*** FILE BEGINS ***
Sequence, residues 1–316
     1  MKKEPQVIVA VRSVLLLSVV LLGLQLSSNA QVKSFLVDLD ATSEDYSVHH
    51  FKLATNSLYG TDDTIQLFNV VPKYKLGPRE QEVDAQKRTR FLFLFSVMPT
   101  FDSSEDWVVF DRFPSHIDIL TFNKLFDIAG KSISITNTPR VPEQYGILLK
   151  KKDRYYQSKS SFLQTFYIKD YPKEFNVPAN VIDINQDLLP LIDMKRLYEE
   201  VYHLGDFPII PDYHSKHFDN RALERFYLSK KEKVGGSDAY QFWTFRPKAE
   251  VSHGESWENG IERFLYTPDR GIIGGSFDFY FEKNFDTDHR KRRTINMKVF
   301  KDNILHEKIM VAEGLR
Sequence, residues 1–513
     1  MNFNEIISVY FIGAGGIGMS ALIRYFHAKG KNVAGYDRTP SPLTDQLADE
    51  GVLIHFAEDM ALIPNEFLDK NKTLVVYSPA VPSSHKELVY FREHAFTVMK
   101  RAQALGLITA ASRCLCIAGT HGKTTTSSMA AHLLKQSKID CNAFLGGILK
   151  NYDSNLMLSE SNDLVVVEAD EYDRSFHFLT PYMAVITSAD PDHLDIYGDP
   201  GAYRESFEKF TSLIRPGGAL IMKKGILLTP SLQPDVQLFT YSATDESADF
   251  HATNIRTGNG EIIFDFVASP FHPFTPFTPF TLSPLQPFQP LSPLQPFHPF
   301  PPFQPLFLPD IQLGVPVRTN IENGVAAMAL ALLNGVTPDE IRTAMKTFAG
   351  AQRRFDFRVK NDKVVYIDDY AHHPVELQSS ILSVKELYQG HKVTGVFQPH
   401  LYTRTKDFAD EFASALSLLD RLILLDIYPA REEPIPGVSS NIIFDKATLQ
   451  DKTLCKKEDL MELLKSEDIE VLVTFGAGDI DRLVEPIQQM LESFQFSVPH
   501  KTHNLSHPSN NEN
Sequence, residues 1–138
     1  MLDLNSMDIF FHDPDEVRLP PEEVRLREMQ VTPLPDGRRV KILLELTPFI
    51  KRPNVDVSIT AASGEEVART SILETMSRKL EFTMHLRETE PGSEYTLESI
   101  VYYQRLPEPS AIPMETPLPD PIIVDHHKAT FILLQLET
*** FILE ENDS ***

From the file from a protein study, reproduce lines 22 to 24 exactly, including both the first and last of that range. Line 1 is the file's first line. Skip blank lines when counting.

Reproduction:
     1  MLDLNSMDIF FHDPDEVRLP PEEVRLREMQ VTPLPDGRRV KILLELTPFI
    51  KRPNVDVSIT AASGEEVART SILETMSRKL EFTMHLRETE PGSEYTLESI
   101  VYYQRLPEPS AIPMETPLPD PIIVDHHKAT FILLQLET